I have this simple 'assignment' problem:

We have a set of agents $A = \{a_1, a_2, \dotso, a_n\}$ and set of tasks $T= \{t_1, t_2, \dotso, t_m\}$. Note that $m$ is not necessarily equal to $n$. Unlike the general assignment formulation in Wikipedia, a task $t_c$ can only be assigned to an agent based on the task's preferred agents $ta_c \subseteq A$. For example, if we have $ta_1= \{a_1, a_3\}$, that means that task $t_1$ can only be assigned to either agents $a_1$ or $a_3$. Now, each agent $t_d$ has a quota $q_d$ where $q_d$ is positive integer. This means that $a_d$ must be assigned with $q_d$ number of tasks.

The Problem

Given above and a set of quota $\{q_1, q_2, \dotso, q_n\}$, is there an assignment of tasks to agents such that all agents meet their respective quota $q$. Note that it is not necessarily that all tasks be assigned to an agent.

Possible Solution

I have tried reformulating this problem in terms of a bipartite graph $G(A, T, E = \cup ta_c)$ and expressed as a form of matching problem where given a matching $M$, a vertex agent $a_d\in A$ is matched up to $q_d$ times or is incident to $q_d$ edges in $M$ but the vertices in $T$ is incident to only one edge in $M$. Not really like the usual matching problem which requires that the edges in $M$ are pairwise non-adjacent.

However, it was suggested by someone (from cstheory, he knows who he is) that I could actually work this out as a maximum matching problem, by replicating an agent $a_d$ into $q_d$ vertices and 'conceptually' treat them as different vertices as input to the matching algorithm. The set of edges $E$ is also modified accordingly. Call the modified graph as $G'$

It is possible to have more than 1 maximum matchings from graph $G'$. Now, if I understand this correctly, I still have to check each of the resulting maximum matchings and see that at least one of them satisfies the $qouta$ constraint of each $agent$ to actually provide the solution to the problem.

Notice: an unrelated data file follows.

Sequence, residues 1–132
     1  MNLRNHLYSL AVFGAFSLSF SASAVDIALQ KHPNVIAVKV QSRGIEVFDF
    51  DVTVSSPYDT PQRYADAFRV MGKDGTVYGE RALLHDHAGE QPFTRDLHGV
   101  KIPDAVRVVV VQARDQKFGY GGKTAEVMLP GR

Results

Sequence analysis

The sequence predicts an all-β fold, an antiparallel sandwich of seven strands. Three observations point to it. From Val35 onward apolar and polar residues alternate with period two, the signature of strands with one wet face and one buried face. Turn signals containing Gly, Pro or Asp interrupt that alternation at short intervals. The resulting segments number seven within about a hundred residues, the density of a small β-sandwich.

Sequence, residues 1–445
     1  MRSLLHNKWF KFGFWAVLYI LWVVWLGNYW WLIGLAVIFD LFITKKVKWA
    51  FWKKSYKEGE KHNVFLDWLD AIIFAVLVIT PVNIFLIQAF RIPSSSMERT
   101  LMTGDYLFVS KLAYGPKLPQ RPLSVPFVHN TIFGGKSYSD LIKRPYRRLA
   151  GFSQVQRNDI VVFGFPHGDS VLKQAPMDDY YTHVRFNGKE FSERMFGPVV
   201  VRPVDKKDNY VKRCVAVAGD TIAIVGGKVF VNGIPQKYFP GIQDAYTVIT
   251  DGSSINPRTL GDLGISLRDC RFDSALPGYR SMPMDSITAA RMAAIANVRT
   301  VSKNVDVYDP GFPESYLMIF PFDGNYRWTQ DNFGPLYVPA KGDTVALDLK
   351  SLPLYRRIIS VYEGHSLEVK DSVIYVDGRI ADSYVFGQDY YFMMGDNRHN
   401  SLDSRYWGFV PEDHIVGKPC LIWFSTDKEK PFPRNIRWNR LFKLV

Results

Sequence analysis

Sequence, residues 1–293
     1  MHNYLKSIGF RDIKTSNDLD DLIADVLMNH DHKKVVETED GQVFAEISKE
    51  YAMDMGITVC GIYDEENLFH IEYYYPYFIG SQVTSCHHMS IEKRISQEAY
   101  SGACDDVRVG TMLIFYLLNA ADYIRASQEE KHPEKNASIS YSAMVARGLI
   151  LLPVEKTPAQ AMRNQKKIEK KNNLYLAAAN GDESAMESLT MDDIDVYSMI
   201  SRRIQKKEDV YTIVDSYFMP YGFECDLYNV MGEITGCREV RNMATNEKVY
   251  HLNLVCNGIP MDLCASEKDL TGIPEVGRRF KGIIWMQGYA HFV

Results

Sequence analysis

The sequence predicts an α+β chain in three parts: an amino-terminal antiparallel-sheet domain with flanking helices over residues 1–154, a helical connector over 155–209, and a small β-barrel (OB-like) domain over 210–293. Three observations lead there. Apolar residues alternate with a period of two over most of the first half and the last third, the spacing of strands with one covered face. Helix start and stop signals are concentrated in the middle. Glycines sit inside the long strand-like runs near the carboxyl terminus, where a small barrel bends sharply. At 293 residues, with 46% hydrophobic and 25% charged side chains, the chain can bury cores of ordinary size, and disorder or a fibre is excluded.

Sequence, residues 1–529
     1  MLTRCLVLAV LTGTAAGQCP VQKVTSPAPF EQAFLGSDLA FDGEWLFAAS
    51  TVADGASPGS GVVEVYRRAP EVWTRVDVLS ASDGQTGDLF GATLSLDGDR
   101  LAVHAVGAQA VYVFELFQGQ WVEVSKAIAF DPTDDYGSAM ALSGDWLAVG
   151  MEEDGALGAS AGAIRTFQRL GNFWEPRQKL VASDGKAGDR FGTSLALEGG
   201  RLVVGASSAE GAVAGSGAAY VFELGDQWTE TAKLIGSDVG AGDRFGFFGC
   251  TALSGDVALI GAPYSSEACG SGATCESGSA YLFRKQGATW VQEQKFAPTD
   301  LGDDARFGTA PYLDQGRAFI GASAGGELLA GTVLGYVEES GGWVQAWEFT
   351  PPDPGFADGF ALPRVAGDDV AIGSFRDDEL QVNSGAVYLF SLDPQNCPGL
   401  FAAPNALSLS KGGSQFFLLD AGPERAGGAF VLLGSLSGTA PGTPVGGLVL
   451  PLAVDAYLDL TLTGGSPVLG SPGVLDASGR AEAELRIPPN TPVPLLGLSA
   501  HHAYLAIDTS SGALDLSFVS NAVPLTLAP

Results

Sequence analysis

Now, I want to prove that not finding one maximum matching $M$ $\in$ set of all maximum matchings of the graph $G'$ that satisfies the $qouta$ constraint of the problem guarantees that there really exists no solution to the problem instance, otherwise a solution exist which is $M$.

I want to show that this algorithm always give correct result.

Question

Can you share to me some intuition on how I might go to show this?

As I stated on the CSTheory post, this is solved via maximum matching. The following should give enough intuition to show that each agent $a_i$ has a $q_i$-matching iff a transformed graph $G'$ has a matching. First, construct the graph $G$. Now, for each agent $a_i$ and quota $q_i$, make a new graph $G'$ that has $q_i$ copies of $a_i$. That is to say, if agent $a_i$ has quota $q_i = 3$, make 2 new nodes $a_i', a_i''$ that have the same tasks as $a_0$.

Here is an illustration to help. Supposed we have the complete bipartite graph $K_{2,3}$ where agent $q_1 = 2, q_2 = 1$.

Original graph $G$, and modified graph $G'$:  We see that agent $a_1$ has two copies in the new graph $G'$, while agent $a_2$ maintains just his lone copy. Solving for the maximum matching in $G'$ and then merging all copies of an agent to the original and you will have your best possible assignment. Since the edges are unweighted, one possible solution is (and merged solution):  • hi again nicholas. Thank you for the suggestion! But I'm past that, and I'm asking a different question now. :) As I understand my problem, a maximum matching of $G$ is only a possible solution to it. I still have to check that a maximum matching satisfies the $qouta$ constraint of the problem. I hope this requirement of the problem looks clear to you. It's more of a decision problem, which asks whether a matching $M$ exists on $G$ such that each $a_d\in A$ (or in your suggested formulation, all vertex $a_d$ copies)is incident on a edge in $M$. – ultrajohn Sep 22 '12 at 23:48
• I understand. Start by proving that if $G'$ has a matching, then quota is satisfied. Then prove if quota is satisfied then there exists a matching in $G'$. All the transformation-work has been done. Use that as the logical foundation. – Nicholas Mancuso Sep 22 '12 at 23:52
• So if you remember, you answered a question I posted earlier about size of the maximum matching $M$ of $G'$. You said, that $|M|$ is not necessarily equal to $\min(|A|,|T|)$. For my problem, a solution exists if and only if a maximum matching M exists such that $|M| = \sum_{i=1}^{n} q_i$. Oh I think I just found out the answer to my question. :) – ultrajohn Sep 22 '12 at 23:53
• Yes, but remember $M$ must be in $G'$, not in $G$. – Nicholas Mancuso Sep 22 '12 at 23:54
• Yes, sorry for the mixed up. I think i know how to prove that now. Thank you really! – ultrajohn Sep 22 '12 at 23:57